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Negative equity (Scotland)
This fact sheet covers Scotland. We also have a version for England & Wales if you need it.
This fact sheet tells you what negative equity is and your options for dealing with it.
Use this fact sheet to:
find out if there is any help you can get;
work out the best option for you; and
help negotiate with your lender.
What is negative equity?
Negative equity is the term commonly used to describe the situation of having a home that is worth less than your mortgage. There is no easy solution to the problem of negative equity. You may want a bigger house or need to move to a different area for employment reasons. The following points are suggestions of possible options to explore if you are in this situation. There may not be a suggestion that is appropriate to your circumstances.
Help from your lender
Contact your lender and ask if there are any schemes it runs to help with the negative equity. Some lenders may have packages for their existing borrowers but usually only if you have a good payment record. For example, you may be allowed to borrow more than the value of your new home when you move. There may be a maximum amount of debt on your old mortgage that can be included in your new mortgage. Also, you may have to pay off the old mortgage debt over a shorter time period than a usual mortgage such as 10 years rather than 25 years. You will need to pay solicitors’, estate agents’ fees and the cost of moving as well.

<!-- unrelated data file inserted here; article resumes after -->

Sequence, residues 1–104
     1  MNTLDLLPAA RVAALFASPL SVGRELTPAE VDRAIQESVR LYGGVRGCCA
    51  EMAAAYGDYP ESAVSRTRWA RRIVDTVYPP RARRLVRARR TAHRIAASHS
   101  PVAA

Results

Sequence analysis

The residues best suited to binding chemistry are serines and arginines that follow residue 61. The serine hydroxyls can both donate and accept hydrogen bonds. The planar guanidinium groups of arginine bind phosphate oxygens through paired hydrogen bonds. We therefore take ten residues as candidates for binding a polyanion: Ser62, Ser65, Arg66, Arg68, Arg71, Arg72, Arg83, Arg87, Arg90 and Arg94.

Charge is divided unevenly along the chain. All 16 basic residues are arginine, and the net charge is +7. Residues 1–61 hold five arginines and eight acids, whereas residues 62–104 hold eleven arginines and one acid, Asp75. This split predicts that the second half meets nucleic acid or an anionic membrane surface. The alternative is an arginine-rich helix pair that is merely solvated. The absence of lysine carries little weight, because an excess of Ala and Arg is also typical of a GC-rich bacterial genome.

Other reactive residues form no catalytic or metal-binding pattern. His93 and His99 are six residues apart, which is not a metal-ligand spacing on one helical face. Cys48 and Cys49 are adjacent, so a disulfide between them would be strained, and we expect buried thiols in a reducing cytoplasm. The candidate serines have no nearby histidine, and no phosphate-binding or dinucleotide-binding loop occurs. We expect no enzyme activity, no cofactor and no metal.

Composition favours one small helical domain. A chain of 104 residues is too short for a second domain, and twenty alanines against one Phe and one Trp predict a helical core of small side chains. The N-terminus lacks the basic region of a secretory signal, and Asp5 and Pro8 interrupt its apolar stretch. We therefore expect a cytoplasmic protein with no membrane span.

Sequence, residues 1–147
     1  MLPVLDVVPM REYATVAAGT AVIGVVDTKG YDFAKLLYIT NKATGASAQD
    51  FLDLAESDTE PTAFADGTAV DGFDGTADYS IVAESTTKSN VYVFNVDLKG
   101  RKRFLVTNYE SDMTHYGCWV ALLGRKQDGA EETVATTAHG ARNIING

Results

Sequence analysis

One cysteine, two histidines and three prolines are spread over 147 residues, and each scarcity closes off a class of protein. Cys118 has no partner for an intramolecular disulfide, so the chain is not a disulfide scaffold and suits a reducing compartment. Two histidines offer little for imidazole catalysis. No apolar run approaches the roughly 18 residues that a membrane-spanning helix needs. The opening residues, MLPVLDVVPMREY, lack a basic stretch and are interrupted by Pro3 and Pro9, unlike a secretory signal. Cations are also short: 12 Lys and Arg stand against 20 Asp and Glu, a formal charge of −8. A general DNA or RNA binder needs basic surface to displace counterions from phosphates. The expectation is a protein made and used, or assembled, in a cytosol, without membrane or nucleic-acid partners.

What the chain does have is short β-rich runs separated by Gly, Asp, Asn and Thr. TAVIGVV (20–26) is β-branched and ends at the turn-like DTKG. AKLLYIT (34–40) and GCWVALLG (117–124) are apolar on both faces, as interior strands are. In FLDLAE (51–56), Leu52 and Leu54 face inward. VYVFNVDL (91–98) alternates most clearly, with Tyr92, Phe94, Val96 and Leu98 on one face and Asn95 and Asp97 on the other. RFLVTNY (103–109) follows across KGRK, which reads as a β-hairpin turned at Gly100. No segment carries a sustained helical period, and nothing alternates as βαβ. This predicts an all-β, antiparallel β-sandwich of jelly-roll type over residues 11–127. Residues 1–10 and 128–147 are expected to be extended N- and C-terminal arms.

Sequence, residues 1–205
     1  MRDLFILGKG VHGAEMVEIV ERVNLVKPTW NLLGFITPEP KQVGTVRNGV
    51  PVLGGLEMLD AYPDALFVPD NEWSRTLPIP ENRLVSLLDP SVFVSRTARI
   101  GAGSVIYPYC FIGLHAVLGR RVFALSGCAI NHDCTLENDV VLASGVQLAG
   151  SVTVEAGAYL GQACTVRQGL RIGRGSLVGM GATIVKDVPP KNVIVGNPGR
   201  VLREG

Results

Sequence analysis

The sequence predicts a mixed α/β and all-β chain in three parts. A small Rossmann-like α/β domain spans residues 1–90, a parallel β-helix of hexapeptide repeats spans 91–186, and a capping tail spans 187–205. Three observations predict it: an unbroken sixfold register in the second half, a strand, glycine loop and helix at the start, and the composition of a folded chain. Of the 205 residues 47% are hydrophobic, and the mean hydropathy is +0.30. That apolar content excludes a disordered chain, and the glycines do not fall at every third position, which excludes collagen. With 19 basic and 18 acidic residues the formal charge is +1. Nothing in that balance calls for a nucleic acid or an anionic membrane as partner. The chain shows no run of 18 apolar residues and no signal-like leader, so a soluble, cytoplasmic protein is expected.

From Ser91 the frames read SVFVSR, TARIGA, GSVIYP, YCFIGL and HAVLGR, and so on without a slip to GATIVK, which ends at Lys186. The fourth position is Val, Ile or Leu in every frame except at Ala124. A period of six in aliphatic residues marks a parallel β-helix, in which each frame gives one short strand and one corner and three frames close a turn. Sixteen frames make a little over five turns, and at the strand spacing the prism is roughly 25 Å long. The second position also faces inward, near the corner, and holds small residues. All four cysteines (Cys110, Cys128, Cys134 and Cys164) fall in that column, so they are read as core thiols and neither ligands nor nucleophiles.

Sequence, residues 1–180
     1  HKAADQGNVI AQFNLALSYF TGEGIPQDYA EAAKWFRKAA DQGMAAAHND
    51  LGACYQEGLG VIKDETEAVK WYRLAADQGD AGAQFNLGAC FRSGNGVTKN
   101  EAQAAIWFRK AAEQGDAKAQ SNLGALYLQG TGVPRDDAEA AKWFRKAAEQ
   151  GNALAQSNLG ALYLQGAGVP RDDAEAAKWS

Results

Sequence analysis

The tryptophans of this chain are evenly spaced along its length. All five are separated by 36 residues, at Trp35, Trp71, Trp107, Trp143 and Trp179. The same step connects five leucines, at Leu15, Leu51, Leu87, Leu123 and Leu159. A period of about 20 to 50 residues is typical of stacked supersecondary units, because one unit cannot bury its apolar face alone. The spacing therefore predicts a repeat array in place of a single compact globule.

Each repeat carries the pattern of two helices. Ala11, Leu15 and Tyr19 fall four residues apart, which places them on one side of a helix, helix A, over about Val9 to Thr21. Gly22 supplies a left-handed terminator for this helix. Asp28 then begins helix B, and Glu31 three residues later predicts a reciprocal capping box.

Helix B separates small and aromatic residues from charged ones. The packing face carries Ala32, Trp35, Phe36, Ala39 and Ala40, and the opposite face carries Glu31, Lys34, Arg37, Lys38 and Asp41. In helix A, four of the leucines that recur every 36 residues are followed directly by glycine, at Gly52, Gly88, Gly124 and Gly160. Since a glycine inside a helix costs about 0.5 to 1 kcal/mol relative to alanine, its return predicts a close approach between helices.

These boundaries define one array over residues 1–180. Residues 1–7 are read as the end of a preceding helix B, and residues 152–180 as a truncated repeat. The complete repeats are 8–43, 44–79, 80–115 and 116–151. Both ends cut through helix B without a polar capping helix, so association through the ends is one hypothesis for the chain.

This is not necessarily a cheap option as the interest rate may be higher and there may be a fee. You are also putting your new home at risk if you cannot keep up the total mortgage payments on the new home. Payments will be larger than normal because of the shortfall having been included.
Some lenders may agree to accept less than the full amount of the shortfall debt by securing part of the debt on a new property as part of your mortgage, and writing off the rest.
Some schemes ask for a guarantor on the new loan (such as a relative) and may want the loan secured on their home as well as your own. Be very careful, the guarantor’s house would be at risk if you cannot make the payments.
You may be able to clear the negative equity by obtaining an unsecured loan from your bank or building society. This will probably be more expensive than a secured loan because a higher rate of interest may be charged, but an unsecured loan does not put your new house at risk. The loan may also be offered over a shorter period, which would mean the monthly payments are likely to be larger.
A limited number of lenders may run schemes that offer assistance to all borrowers. So you can apply even if your mortgage is with a different lender. Shop around high street banks and building societies and ask about these schemes.
Mortgage rescue scheme
The Home Owners’ Support Fund - Mortgage to Rent scheme.
There is a Scottish government mortgage rescue scheme to help you as a last resort if you are facing repossession. This is called the Mortgage to Rent scheme. Under this scheme your home is sold to a housing association or the local council, and the mortgage and any secured loans are paid off. You can stay in your home, but as a tenant rather than a homeowner. You can apply to join the scheme even if you are in negative equity.